Sep 26, 2018

WHO warns renewed violence in Congo endangers Ebola efforts

Medical workers lead a young girl with suspected Ebola into a treatment center in Beni on Aug. 12. Photo: John Wessels/AFP/Getty Images

The escalation of violence in the Democratic Republic of the Congo jeopardizes the recent gains made in halting the ongoing Ebola outbreak and could trigger a surge in new infections if health care workers and civilians are not protected, World Health Organization officials warned Wednesday.

The perfect storm: Peter Salama, WHO's head of emergency response, said Tuesday they were "extremely concerned" about recent violence that in some areas endangered health officials and halting the Ebola prevention and treatment regimes.

"A perfect storm of active conflict, limiting our ability to access civilians, distress by segments of the community, already traumatized by decades of conflict."
— Peter Salama

What's happening now: While violence has been an ongoing issue with certain areas in DRC, there was a recent surge in violence when an attack Saturday in Beni killed at least 21 people and elevated tensions between different sectors there.

  • Per Al Jazeera, the Congolese army blames the Allied Democratic Forces, one of the notorious rebel militias trying to gain control of DRC's mineral resources, amongst other things.

Health concerns: As Salama tweeted below, one of the concerns is that public health officials have not been able to reach out to the "contacts" of people known to be infected to ensure they had not been infected themselves. This could mean the infection could spread rapidly without them knowing.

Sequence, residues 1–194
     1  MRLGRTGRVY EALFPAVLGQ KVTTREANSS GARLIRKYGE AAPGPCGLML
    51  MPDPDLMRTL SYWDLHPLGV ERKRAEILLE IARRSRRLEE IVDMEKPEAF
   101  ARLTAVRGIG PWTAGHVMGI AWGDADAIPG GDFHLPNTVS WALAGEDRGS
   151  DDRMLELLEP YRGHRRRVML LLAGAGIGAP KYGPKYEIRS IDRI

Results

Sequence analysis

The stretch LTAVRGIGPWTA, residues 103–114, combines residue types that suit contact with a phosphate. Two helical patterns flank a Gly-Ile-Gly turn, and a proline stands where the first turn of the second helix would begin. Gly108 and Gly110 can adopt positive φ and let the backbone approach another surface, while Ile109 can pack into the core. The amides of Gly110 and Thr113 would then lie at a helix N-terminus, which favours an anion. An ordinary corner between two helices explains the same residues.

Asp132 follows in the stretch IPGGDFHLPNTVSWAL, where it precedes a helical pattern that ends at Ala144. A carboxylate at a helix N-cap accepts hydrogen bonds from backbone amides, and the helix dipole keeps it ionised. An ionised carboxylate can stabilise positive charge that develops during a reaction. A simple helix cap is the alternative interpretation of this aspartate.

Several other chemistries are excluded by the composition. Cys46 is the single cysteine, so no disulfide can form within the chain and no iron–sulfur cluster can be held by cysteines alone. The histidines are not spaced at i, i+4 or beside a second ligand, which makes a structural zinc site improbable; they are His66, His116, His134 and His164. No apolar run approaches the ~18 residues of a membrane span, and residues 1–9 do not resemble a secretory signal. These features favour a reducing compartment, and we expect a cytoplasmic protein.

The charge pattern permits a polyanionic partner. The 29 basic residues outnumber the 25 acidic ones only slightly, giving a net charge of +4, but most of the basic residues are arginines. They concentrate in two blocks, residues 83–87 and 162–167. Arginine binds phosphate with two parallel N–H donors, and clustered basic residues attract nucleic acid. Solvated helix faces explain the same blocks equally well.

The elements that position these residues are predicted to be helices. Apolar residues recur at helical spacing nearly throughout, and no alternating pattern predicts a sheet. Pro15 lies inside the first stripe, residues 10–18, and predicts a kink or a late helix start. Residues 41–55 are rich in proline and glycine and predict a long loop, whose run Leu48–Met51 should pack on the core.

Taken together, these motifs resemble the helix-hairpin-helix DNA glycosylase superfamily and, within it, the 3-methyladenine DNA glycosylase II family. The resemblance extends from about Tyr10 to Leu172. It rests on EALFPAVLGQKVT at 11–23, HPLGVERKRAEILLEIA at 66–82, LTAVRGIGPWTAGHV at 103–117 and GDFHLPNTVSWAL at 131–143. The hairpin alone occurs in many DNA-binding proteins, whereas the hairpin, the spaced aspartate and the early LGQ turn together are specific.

• Tracking contacts is an important method of controlling the spread of Ebola and also provides an indication of the outbreak status, as it's considered a good sign once all new infections can be traced directly to a known infected patient.

Go deeper: Violence in Congo imperils efforts to combat Ebola outbreak (The Washington Post)

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NASCAR driver Ryan Newman hospitalized after fiery Daytona 500 crash

Ryan Newman, driver of the #6 Koch Industries Ford, crashes and flips during the NASCAR Cup Series 62nd Annual Daytona 500 at Daytona International Speedway in Daytona Beach, Florida, on Monday. Photo: Jared C. Tilton/Getty Images

Racing driver Ryan Newman was hospitalized in a serious condition with non-life threatening injuries after his car crashed at the Daytona 500 on Monday, NASCAR said in a statement.

The big picture: The 42-year-old was leading the final lap of the race, won by Denny Hamlin, when his car flipped in the fiery crash. President Trump tweeted after the crash, "Praying for Ryan Newman, a great and brave @NASCARdriver!"

Go deeper: Trump takes presidential limousine for lap at Daytona 500

Bolton indicates more Ukraine details if book prevails WH "censorship"

Former National Security Adviser John Bolton on stage at Duke University in Durham, North Carolina, on Monday. Photo: Melissa Sue Gerrits/Getty Images

Former National Security Adviser John Bolton said during a talk at Duke University in Durham, North Carolina he hopes his new book is "not suppressed" by the White House, according to journalists present in the room.

This is an effort to write history and I did it the best I can. We'll have to see what comes out of the censorship."
Bolton's comments, per Bloomberg and the New York Times

There are warning signs that Nevada could be Iowa all over again

Former Sen. Harry Reid (D) lines up to cast an early vote for the upcoming Nevada Democratic presidential caucus. Photo: Ethan Miller/Getty Images

The alarms are increasingly sounding over Nevada's Democratic caucus, which is just five days away.

Why it matters: Similar issues to the ones that plagued Iowa's caucus seem to be rearing their ugly heads, the WashPost reports.